I love summer.
I really do.
Bare feet. Popsicles. Parks. Sunshine. Bike rides. Evening campfires. S’mores.
No schedule. No stress.
Then it’s back-to-school time…
I mourn the end of freedom—of being loose and unstructured. But as school approaches, I try to see the positives in that, too. I build the schedule and figure out how to make everything fit and work.
By the time the first day rolls around, I’m ready. I’m ready for them to go back.
Enough trying to keep them entertained (i.e. preventing them from killing each other). Enough nagging them to get their jobs done and their summer reading done. Enough trying to keep them from being complete slugs (okay, that’s just the teenagers).
The back-to-school clothes are bought. The school supplies are checked off the list. I have read this.
There is just one thing left to worry about.
The Drop-Off Line
I cannot lie. I hate it.
People with no children, or those who have never experienced the drop-off line, have no idea. Count your blessings. Seriously. This is not an experience for anyone dealing with high-blood pressure or impulse-control issues.
If you think road rage is bad on I-25 during rush hour, you have not experienced the frustrations and barely restrained hostilities happening every day in school parking lots.
There is nothing quite like the drop-off line.
We just want to drop off our kids and be on our way. Every one of us. Every. One. Of. Us.
After doing this for 13 years, I have pinpointed school parking lots as the original source of my road rage. Seriously people. Just. Get. Out. Of. My. Way.
Different schools, different cities, different states. It’s all the same. And much of it boils down to some basic personality differences.
Drop-Off Line Personalities
Type 1: Leave the house early. Sit at the school, waiting for the designated time to open the car door and allow their child to exit. They have the least amount of stress. They got there early and will be leaving the parking lot as the rest of us are arriving. These folks have no idea what other people’s problems are.
Type 2: Exit the vehicle to help the child out. These people personally hand their children backpacks, help them root around in the backseat for whatever they dropped and give at least one hug. These people are in danger of being run over. C’mon… Hug the kids at home, not in the drop-off line.
Type 3: Cut off other cars, go around the line of people who have been waiting 30 minutes for their turn at the curb. These are the people I am waiting to hear about on the news—beaten or killed by those waiting patiently for their turn. I hate to break it to you, but we see you when you go around or cut in line. And we’ll see you again at PTA meetings and concerts. We know who you are…
Type 4: Probably the majority of parents in the line. Arrive at school about the time they are allowed to drop children off and discover just how many children are being driven to school. They will wait the longest. Trapped in line. Aggravated at how long the process takes, made worse by the clueless that can’t leave without one more hug and the idiots that cut people off.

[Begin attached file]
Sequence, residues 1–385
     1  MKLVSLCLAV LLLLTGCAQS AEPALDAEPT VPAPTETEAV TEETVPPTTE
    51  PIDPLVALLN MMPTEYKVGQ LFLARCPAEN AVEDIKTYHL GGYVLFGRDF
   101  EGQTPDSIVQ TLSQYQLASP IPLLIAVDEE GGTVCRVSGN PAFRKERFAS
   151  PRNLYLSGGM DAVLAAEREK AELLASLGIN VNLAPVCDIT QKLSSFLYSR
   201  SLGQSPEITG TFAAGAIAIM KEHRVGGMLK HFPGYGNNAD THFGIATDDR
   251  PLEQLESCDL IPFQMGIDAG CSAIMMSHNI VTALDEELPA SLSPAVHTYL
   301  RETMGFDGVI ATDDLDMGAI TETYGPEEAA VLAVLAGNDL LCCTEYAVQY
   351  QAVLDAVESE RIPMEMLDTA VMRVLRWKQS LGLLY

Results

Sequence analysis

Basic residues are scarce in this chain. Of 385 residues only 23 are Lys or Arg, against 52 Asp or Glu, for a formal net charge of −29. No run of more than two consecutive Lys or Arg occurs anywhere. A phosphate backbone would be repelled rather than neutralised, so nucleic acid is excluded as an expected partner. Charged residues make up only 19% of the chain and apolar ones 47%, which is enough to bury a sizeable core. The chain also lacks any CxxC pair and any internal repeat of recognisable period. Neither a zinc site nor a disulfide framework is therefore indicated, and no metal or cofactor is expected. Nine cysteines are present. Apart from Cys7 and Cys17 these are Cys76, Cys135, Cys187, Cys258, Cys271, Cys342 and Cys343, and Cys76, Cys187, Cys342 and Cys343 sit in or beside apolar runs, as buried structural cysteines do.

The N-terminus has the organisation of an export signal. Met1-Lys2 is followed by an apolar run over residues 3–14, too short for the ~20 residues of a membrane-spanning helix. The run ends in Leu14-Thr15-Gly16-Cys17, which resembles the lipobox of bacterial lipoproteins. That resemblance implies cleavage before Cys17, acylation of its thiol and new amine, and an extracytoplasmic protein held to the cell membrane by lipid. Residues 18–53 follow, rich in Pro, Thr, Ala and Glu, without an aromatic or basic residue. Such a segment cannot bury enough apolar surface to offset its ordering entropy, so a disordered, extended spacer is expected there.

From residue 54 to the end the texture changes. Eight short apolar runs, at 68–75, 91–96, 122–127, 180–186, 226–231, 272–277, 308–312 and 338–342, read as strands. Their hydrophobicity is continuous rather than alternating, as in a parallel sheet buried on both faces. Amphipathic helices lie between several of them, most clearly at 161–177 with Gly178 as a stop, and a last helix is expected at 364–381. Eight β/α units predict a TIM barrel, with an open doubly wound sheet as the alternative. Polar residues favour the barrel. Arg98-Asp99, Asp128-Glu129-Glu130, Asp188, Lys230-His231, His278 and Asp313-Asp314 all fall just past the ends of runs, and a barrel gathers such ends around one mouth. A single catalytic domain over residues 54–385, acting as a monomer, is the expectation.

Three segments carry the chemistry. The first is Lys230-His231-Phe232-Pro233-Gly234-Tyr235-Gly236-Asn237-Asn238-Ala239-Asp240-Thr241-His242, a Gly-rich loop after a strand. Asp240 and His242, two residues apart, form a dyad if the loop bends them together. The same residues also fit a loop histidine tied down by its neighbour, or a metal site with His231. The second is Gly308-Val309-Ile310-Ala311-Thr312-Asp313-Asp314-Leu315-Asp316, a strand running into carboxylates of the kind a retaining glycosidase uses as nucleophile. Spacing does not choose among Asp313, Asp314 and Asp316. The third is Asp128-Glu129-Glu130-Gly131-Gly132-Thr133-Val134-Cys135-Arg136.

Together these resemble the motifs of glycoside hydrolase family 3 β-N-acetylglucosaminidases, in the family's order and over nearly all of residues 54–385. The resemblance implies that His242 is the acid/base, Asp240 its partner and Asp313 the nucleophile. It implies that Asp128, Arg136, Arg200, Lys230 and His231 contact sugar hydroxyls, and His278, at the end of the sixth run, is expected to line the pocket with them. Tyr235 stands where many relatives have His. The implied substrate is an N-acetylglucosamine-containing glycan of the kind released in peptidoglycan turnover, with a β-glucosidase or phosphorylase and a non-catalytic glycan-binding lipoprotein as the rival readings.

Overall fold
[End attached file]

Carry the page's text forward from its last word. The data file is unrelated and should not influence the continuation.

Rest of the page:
I just wanna drop my kid off, people!
The Pick-Up Line Personalities
Type 1: Get to the school 30 minutes before dismissal. Hang out in their car, checking email and talking on the phone. I don’t understand them. These people are totally foreign to me.
Type 2: Hold up the pick-up line getting out of the car to help their children in, chit chat with them while they buckle and carefully place the backpack on the floor. And if there’s an art project in hand… Please, please, please let them be behind me!
Type 3: Double park next to you and block you in as they grab their child at the curb. Somehow, the line of people waiting for the last 30 minutes is invisible to these parents. It’s okay, no problem. I can wait for your, more important, child. Really. It’s no problem…
Type 4: Arrive at school about 5 minutes before dismissal. Get in the line wrapping around the parking lot or circle the block trying to find somewhere to pull in. Frustration is ugly.
It’s Back-To-School Time.
Every year, I get a chance to do this dance.
Just thinking about it, I am feeling exasperated.
Which is why I drop my kid off down the street. 😉
Each year it gets a little farther away, just so I don’t have to go into (or anywhere near) the school parking lot. Exercise is good for them, right? I’m just looking out for their health. See what a good mom I am? They get some exercise, I get to pick them up smoothly and I didn’t hurt anyone that day. A win-win!
All Kidding Aside
At my daughter’s school, we regularly have kids hit while crossing the street. (They choose to jaywalk because they feel safer doing that than using the crosswalk.)
At the elementary school, I have seen crossing guards frantically jump back to avoid being hit.
It’s dangerous out there, especially in the school pick-up and drop-off line.
And as much as I complain, I really do love our little buggers and want them to make it safely to and from school. I regularly explain to them that I am irritated to be driving them to and from school because when I was their age, I walked to school. Five miles. Uphill. Both ways. Barefoot. In the snow.
Shhhhh… (Don’t tell them I rode the bus.)